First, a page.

The offshore spawning stock cod biomass for the region is estimated by the Canadian government's 2010 trawl survey to be about 150,000 tons — hundreds of millions of fish — while the inshore stock biomass, including the mass of cod seen in the video, is but a fraction of that amount.
By contrast, in the U.S. waters of the Gulf of Maine and Georges Bank, stocks of cod are much stronger and closer to the recognized ideal state of sustainability.
But as the Smeaton video does with pictures — and Legal Sea Foods CEO Roger Berkowitz intends to do with a banquet, featuring cod cheeks and serving nothing but "blacklisted" fish at his Park Square, Boston, restaurant on Jan. 24 — debate remains fierce and scientific disagreement intense over how much fish is out there, and what is a responsible fisheries policy.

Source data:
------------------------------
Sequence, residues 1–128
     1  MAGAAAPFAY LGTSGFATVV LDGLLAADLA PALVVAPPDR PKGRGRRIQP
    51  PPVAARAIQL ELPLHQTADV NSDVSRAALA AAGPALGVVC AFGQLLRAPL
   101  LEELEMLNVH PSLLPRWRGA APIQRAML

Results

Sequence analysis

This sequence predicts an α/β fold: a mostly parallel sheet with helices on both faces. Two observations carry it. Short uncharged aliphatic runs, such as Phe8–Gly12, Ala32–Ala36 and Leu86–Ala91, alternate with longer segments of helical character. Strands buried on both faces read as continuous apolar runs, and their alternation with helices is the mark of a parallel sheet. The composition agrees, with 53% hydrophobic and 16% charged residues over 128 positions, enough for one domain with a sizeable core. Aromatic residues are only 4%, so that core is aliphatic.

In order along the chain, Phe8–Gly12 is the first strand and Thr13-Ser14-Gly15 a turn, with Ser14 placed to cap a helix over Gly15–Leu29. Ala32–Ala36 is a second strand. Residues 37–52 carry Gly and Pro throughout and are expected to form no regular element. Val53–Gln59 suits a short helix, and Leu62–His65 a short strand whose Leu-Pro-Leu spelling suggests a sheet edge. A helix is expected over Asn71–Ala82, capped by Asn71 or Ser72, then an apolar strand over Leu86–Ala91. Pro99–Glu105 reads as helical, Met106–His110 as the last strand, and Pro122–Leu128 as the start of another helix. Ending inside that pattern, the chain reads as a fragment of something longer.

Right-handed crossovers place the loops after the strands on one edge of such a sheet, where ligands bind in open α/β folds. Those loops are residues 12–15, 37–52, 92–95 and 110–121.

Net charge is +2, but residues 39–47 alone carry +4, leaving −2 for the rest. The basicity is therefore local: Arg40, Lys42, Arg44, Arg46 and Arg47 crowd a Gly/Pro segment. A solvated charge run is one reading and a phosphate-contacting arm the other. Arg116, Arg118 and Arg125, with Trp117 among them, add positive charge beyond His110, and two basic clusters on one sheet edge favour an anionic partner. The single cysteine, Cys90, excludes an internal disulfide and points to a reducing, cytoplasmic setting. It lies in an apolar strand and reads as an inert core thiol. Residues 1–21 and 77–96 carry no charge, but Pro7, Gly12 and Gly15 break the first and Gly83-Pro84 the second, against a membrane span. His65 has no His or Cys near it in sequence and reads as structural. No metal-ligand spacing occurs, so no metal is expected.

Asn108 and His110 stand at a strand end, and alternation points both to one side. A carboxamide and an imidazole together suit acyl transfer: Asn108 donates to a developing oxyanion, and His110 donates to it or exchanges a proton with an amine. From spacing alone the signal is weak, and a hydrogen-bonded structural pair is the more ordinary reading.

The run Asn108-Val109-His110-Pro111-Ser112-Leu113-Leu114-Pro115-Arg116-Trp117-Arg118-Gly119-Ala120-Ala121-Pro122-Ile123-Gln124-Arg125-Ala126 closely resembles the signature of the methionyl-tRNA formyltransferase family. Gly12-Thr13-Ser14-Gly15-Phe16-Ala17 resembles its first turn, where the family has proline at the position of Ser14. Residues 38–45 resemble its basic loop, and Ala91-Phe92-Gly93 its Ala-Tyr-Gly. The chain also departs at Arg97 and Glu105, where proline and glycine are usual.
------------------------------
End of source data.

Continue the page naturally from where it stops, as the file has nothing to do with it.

The biomass estimate of roughly 150,000 tons of cod in Canadian waters off Newfoundland and the Smeaton video create a context for what "depleted" can means in relative terms for some of the world's historically richest ocean waters.
And it's sparked the push back by Berkowitz against the insistence of some scientists and seafood "eco-labelers" that cod are too fragile a species to be served on responsible tables — or that harvesting causes unacceptable physical harm to the ocean floor.
The case against fishing — or for less fishing — leads directly into the pivotal ocean-food battle centered on the policies of the Obama administration, whose "catch share" fishery management encourages fishermen to buy, sell or trade "shares" of a government-set catch for each stock, as within a commodities market. The result to date has been to consolidate control of fisheries into the hands of fewer, bigger, stronger businesses, while driving out smaller, independent fishermen who don't have the capital to keep up.